5 resources you need this Advent season
2018’s best Advent calendars (no chocolate included)
It can be hard these days to find an Advent calendar that offers more than tiny squares of chocolate.
Largely belonging to Christmas past seem to be Bible-based Advent calendars – with 25 little windows opening to reveal a character in the nativity story, culminating (of course) with baby Jesus on Christmas Day.
But there is hope for those seeking a meaningful Advent experience, with the increasing emergence of digital Advent calendars. Some offer downloadable resources, while others deliver a daily devotion to your inbox. They can be a great way not only to remember the true story of Christmas, but also to carve out quiet times during this hectic season.
The Eternity team has compiled a list of some of this year’s best Advent calendars. But before we launch in, let’s recap on the origins and purpose of Advent.
Advent means “coming” or “arrival.”
Advent comes from the Latin word “adventus.” meaning “coming” or “arrival.” The season of Advent commemorates the coming of Christ into our world, and is traditionally celebrated over four Sundays in the lead-up to Christmas (although the period is a bit longer for Eastern Orthodox churches). The exact origins of the celebration are unknown, but the centuries-old tradition is likely to have begun about 1500 years ago in Europe. Much like the season of Lent before Easter, the original emphasis of Advent was on fasting and prayer. Today, Christian denominations have different traditions, including wreath making, lighting candles and the use of particular music.
The Advent calendar is said to have originated in 19th-century Germany. By the early 20th century, printed versions of the calendar began to emerge. Notably, the chocolate Advent calendar did not show up until 1958, with Cadbury capitalising on it and popularising it in the 1970s.
Now, back to 2018 and the resources to make this Advent season meaningful:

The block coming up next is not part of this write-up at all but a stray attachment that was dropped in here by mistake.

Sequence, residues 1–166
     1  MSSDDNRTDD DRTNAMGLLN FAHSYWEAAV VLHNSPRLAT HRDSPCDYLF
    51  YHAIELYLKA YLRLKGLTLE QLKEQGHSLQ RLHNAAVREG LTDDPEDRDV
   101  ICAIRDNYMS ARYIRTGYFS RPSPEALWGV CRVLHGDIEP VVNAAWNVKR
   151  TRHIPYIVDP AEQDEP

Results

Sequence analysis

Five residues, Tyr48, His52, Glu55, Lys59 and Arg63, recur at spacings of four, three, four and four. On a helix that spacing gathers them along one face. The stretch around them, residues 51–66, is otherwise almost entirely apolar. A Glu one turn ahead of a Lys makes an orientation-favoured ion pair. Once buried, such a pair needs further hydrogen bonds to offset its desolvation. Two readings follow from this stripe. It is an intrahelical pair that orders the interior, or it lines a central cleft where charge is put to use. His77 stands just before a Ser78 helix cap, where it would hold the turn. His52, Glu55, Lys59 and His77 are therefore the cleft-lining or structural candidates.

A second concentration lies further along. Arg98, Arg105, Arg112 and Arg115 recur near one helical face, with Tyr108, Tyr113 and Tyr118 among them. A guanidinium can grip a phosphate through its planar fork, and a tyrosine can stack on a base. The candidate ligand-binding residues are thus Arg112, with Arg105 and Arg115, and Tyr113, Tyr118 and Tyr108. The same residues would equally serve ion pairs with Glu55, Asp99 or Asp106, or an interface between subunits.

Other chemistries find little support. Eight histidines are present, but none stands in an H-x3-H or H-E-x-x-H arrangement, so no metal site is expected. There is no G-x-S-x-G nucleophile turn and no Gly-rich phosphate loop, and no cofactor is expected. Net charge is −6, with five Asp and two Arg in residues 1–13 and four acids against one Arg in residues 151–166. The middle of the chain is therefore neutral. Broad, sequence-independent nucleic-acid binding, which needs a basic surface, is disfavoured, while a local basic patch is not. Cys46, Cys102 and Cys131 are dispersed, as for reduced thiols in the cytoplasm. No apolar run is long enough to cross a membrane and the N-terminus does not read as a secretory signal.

For the traditionalist
The “Names of Jesus” Advent Calendar is a reimagined hard-copy calendar, launched last year by Lara Beeston from Sweet Honeycomb. This neat little pack includes 24 hand-designed cards, each calligraphed with a name of Jesus, as well as little wooden pegs and twine to string up all the cards. In addition to making a beautiful Christmas decoration, Beeston discovered another purpose for the calendar: “Although I designed the calendar to teach my kids, I realised I was also benefiting from it. It was a great way for his truths to sink further into my life. Spending time each day thinking about Jesus and the different aspects of his character felt like a teeny Bible study.” To accompany the calendar, you can also sign up for 24 emailed daily reflections that give insight into the name of Jesus on each of the cards.
For the whole family
Focus on the Family – a global Christian ministry for families – has some great Advent resources, including a selection of downloadable calendars. These include a Bible reading, short devotion and an activity for the kids on each day. This year’s free Advent calendar, titled “Knowing Him by Name”, also focuses on the names of Jesus. Another free resource that will provide loads of fun is the “O Holy Night” build-it-yourself nativity scene and Advent calendar. Also available are other resources such as a colouring-in Advent calendar.
For the stressed out
The brand-new Stress-mas Advent Calendar could be a lifeline for those feeling overwhelmed by “Christmas crazy,” or are dreading the family tensions that often flare up in this season. Designed by Christian psychologist and coach Krystyna Kidson, this free digital calendar delivers quick tips on stress mastery via email every day of Advent, from December 1 to 24. Each email has questions to ponder and reflection prompts. There are two versions available – one that is explicitly Christian, while the other can be more easily shared with those who do not follow Jesus. Head here for the secular Stress-mas Advent Calendar.
For the art lover
“Four beautiful paintings. Four Advent reflections. One great story of faith, hope, joy and peace.” This is Mike Frost’s introduction to his unique Advent resource, designed to help those who do not come from a liturgical background: to experience the richness of Advent. Frost – a well-known author, missiologist and Morling College lecturer – says: “You might like to use these four paintings, each from different eras, as stimulus for thinking about the well-known story.” Images of the paintings, accompanying Bible passages and devotions are available here.
For the peacemakers
Common Grace’s digital Advent series is now in its third year. This year’s focus is “Fear Not”, exploring Jesus’ call to move beyond fear and become peacemakers in our world. The devotions are crafted by 25 Christian contributors, including CEO of Christian Super Ross Piper, Hope 103.2 radio host Stephen O’Doherty, and Meredith Lake, author of the 2018 Australian Christian Book of the Year, The Bible in Australia. Sign up for free here.